Introduction to PHP
PHP is a widely-used Open Source, general-purpose ,scripting language that is especially suited for Web development and can be embedded into HTML.
According to the php.net site, the acronym “PHP” is short for “PHP: Hypertext Preprocessor”. Its syntax draws upon C, Java, and Perl, and is
easy to learn.
The main goal of the language is to allow web developers to write dynamically generated web pages quickly, but you can do much more with PHP.
PHP code must be executed on the server. Only the output it generates is delivered to client browser. Consider the following example.
A PHP script similar to the one above will not run on a client-side browser. It must be execute on a
Web server with the support of a PHP interpreter. The server, after execution, generates the string
output, as shown below, and sends it along with the rest of HTML tags to the client browser.
What the client receives is a completed HTML code looks like:
PHP supports all major operating systems, including Linux/ Unix, Microsoft Windows, Mac OS X,
and others. PHP has also support most of the web servers including Apache, Microsoft Internet
Information Server, Personal Web Server, Netscape, iPlanet servers, and many others.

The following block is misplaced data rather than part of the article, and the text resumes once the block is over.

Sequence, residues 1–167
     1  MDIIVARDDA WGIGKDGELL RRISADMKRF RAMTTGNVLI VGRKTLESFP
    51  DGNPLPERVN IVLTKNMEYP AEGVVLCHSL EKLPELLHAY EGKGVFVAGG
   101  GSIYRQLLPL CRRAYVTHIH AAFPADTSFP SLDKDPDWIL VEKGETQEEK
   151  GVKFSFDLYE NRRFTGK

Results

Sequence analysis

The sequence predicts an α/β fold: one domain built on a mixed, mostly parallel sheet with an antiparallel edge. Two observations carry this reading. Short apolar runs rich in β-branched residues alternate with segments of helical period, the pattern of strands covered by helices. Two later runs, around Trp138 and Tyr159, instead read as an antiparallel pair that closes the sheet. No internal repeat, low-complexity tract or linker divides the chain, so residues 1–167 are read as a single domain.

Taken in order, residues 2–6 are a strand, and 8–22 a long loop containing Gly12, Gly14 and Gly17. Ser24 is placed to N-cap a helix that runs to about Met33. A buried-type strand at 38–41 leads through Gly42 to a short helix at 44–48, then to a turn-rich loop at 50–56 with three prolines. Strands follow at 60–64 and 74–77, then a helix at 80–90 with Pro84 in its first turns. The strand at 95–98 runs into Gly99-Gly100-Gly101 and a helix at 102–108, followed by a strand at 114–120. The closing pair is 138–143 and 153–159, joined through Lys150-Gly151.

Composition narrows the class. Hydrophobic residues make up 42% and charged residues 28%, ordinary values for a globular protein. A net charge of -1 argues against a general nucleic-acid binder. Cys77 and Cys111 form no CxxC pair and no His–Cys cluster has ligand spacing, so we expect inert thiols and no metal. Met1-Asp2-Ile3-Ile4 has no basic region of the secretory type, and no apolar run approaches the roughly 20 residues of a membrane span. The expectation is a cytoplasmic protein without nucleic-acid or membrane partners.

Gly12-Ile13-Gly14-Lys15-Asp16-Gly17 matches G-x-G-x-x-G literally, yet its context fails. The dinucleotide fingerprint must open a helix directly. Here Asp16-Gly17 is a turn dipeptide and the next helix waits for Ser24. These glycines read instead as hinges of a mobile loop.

Basically a web server, such as Apache, needs only to activate support for PHP and that all files
ending in .php are recognized as PHP code. To support a PHP-based data-driven site, you will most
likely want to create and use a database with database languages such as MySQL.
The php.net site
The “http://www.php.net” site is the primary web site for PHP language and support. This site
is where you can download the latest version of PHP along with manuals and other reference
documents. As of September 2010, the latest version is PHP 5.3.3. For Windows users, be sure to
download the Windows Binaries at “http://windows.php.net/download/”.
This site has a search engine. You can consider using it as a reference library. For example, to
search for date-related function, enter the keyword “date” in the textbox.
How does a PHP script look like?
PHP scripts are text files that can be created by any text editor, such as Notepad. It frequently
includes HTML tags. But instead of the .htm or .html extension, the files are given the .php
extension. Within the file, PHP code is contained in PHP tags.
Consider at a very simple PHP script that displays “Welcome to CIS246!” in the browser window.
The script is a text-only file, called example1.php, and the file is uploaded to the server.
This example is a simple but functional PHP script. It uses only an “echo” command to output a
string. Of course, PHP scripts used incommercial web sites will never be so simple. However, this
code gives you a chance to understand how PHP scripts work on the server side.